Thursday’s Convocation, “The Peace Corps at 50,” featured a panel of Willamette professors and an alumna who have participated with the Peace Corps. These speakers are just a few representatives of Willamette’s long tradition with the international service organization.
Spanish professor Julie Veltman and anthropology professor Joyce Millen, along with Peace Corps recruiter Sarah Kassel ’04, each volunteered with the Peace Corps after completing their undergraduate studies. French and Francophone Studies professor Amadou Fofana worked as a trainer for Peace Corps volunteers in Senegal.
Despite their diverse experiences, each speaker emphasized one thing: his or her expectations about working with the Peace Corps were completely toppled.
Kassel taught English to Micronesian children for a year after she graduated from Willamette.
“It was a huge learning curve for me to take the parameters of my project and make them work within the cultural parameters and context that I was living and working in,” Kassel says. “As a 22 year old, that wasn’t easy. But it’s also something that has served me incredibly well as I progress in my career.”
Millen’s experience with learning Jola, the language spoken in her Senegalese village, was the most challenging part of her four years in the corps.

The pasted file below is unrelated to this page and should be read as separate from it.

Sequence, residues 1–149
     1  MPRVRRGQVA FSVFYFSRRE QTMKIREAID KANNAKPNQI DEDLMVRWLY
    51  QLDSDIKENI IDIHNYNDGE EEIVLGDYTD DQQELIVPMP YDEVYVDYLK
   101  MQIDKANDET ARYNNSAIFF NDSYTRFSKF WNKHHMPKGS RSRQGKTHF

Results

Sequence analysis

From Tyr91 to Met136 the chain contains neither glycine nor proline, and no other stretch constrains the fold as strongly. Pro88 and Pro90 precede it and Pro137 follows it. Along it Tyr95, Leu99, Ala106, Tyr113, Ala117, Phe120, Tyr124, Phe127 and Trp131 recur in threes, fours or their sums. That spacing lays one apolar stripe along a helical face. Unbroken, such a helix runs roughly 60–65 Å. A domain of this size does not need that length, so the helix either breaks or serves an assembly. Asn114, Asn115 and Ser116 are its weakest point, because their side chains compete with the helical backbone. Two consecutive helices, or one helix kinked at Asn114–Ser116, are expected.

“I lived with spiders and fruit bats and all sorts of wonderful creatures in my room,” Millen says, “but that was nothing compared to not being able to communicate. The children essentially taught me Jola through repetition.”
When strangers came to the village and heard Millen speaking Jola, they asked the villagers who Millen was and how she learned to speak the language.
“The kids got up and said, ‘She’s always spoken Jola!’ It was great. All that humiliation was gone,” Millen says.
Veltman worked at a medical dispensary and with local midwives in a village in Niger. She had believed her training would adequately prepare her for the job, and had not expected the daunting situations she would encounter.
“What struck me is how completely dependent I was on the kindness of strangers,” Veltman says. “The fact that I was in one of the least resourced places in the world, and that every day people took care of me, is an incredible testament to humanity.”
Fofana applied to train volunteers in French as a way to make money for school. Years later, after he started working at Willamette in 1999, he encountered several of his past students in Portland. He was moved by the evident impact he had had on them years earlier.
“I came to understand and accept that you don’t necessarily take a job to make money,” Fofana says. “The human connections are much more important and much more long lasting. What I got out of the Peace Corps was an understanding of the humanity of it all.”
“The Peace Corps at 50” is part of a series of Peace Corps-related activities and lectures during Alumni Weekend from Sept. 12-14. To learn about other Peace Corps events, check out the Alumni Weekend Schedule.
• Article by Emma Jonas ’15, creative writing major